By Sam Brunson
I’ve used clickers in class ever since I started teaching. In fact, thanks to Paul Caron’s tireless advocacy, I’ve known I was going to use clickers since before I entered academia.
And, like Paul, both I and my students[fn1] have found clickers tremendously helpful in the classroom. In my experience, they do three main things:
- They force all students to actively engage with the class. It’s easy enough to sit back in class and passively absorb (or not) the content. Sure, whomever I call on has to actively engage, but I can only call on a small portion of my class on any given day. But clicker questions allow students to not only listen, but actually answer, at least a handful of questions.
- They tell me how well the students grasp what I’m teaching. If most of the students get the right answer, I know my explanation and the discussion were helpful. If a significant portion get it wrong, I know that I need to go back and address it again (and, depending on the answers they choose, I may be able to figure out where I or they went wrong).
- They tell my students how well they grasp what I’m teaching. If most of the students get the problem right, a student who gets it wrong knows that she may need to go back and review the topic. Or ask a question. Or do something else.
But I have a problem:
Loyola recently changed its classroom response system. When I arrived, the university use i>clickers. The students bought a remote, and the school provided me with a receiver to plug into my computer. And, because the whole university, not just the law school, used i>clickers, and because students could sell their remotes back to the bookstore, there were plenty of remotes available at a relatively affordable price. Sure, the clickers had limitations (questions had to be multiple choice, and you couldn’t have more than five answers), but they worked really well.
This year, Loyola switched vendors. Now we use Top Hat. And honestly, Top Hat has great functionality. I’m no longer limited to asking multiple-choice questions, or to no more than five answers. I had some fun asking open-ended questions where students had to come up with the answers, and the results were, perhaps, more engaging even than the traditional five-question multiple-choice questions.
And how does Top Hat go beyond multiple-choice? Rather than purchase a remote, students purchase a four-month, twelve-month, or lifetime[fn2] subscription. And, while the pricing is kind of steep compared to a used remote, schools can apparently negotiate pricing with Top Hat to reduce the cost. With a subscription, students can use their laptops, phones, or tablets to answer questions.[fn3] (I should note that, while we use Top Hat, the move from physical remotes to subscriptions and students’ own devices seems fairly pervasive; Loyola considered four or five different vendors, and, while functionality and interfaces differed here and there, they were all bring-your-own-device systems.)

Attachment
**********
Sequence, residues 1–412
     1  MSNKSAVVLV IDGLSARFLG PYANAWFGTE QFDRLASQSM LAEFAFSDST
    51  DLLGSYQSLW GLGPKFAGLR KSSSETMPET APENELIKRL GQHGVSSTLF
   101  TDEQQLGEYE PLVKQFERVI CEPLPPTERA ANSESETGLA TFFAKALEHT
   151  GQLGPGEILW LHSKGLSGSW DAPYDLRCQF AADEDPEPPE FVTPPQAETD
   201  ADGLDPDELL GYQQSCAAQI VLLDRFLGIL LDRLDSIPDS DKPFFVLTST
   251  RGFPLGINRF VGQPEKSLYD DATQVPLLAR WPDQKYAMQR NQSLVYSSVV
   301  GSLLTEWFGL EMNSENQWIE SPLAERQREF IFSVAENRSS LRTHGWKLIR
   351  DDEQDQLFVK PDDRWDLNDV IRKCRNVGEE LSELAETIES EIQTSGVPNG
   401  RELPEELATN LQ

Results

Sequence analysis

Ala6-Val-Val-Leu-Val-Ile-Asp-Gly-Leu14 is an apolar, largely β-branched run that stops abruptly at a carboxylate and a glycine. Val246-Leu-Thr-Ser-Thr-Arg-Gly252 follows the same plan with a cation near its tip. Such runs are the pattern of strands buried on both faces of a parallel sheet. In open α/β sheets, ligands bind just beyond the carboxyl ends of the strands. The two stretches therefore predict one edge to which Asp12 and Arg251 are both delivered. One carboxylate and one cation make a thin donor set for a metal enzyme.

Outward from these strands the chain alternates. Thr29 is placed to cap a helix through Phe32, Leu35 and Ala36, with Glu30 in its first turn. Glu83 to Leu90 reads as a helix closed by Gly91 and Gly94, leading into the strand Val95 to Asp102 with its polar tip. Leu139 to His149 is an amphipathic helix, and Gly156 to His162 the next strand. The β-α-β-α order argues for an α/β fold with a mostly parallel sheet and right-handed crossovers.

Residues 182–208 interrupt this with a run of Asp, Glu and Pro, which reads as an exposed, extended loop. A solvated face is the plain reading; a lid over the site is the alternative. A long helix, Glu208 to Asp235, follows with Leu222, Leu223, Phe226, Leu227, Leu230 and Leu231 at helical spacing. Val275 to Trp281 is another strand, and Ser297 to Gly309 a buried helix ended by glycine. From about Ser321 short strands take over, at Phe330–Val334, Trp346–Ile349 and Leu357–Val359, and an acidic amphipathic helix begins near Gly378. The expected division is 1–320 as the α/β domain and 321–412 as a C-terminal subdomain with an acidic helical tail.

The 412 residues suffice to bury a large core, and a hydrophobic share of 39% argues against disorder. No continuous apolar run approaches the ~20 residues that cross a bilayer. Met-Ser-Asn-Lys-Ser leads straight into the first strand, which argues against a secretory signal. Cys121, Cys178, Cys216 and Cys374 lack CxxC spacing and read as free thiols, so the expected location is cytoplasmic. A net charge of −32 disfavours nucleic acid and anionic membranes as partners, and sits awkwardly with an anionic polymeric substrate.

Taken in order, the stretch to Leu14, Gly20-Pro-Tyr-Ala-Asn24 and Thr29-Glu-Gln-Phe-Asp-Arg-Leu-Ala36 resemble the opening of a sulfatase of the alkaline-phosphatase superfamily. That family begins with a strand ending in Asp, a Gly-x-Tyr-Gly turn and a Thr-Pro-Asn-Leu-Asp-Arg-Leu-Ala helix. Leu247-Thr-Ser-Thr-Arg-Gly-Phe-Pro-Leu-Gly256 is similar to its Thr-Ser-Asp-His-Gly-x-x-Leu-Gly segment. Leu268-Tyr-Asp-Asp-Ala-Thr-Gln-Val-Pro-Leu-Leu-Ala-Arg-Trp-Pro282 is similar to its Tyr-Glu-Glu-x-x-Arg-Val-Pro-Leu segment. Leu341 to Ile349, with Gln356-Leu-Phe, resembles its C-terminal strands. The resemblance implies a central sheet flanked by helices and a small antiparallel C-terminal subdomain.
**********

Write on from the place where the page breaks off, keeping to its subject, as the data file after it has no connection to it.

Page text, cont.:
Which leads to my problem: the evidence is becoming more and more compelling that students who take notes by hand learn, retain, and understand better than students who take notes on laptops.[fn4]
Now, I’m not going to ban laptops in my class (though I may create a laptop-free zone in my classes so students who want to take notes by hand won’t be distracted by whatever their classmates are watching). Law students are adults, and I’m willing to let them make their own choices, though I will point them toward the studies, so that their decisions are informed.
But, while they can make their own decisions, I feel like using a response system that requires the students to use a laptop (or phone) in class puts a thumb on the scale. And that thumb is on the wrong side of pedagogy.
So I’m reaching out to you, readers: what would you do in my situation? Would you use clicker questions even though they’ll push students on the margin to disadvantageously take notes on a laptop? Would you drop clicker questions in spite of pedagogical benefits of using them? Would you do something else altogether?
(N.b.: if your comment doesn’t show up right away, I promise it’ll be up soon. Our anti-spam software requires us to approve a person’s first comment; once you’re approved, though (and, unless you’re spamming or trolling us, you’ll be approved), you’re in the discussion.)
[fn1] At least, based on their comments to me and their course evaluations.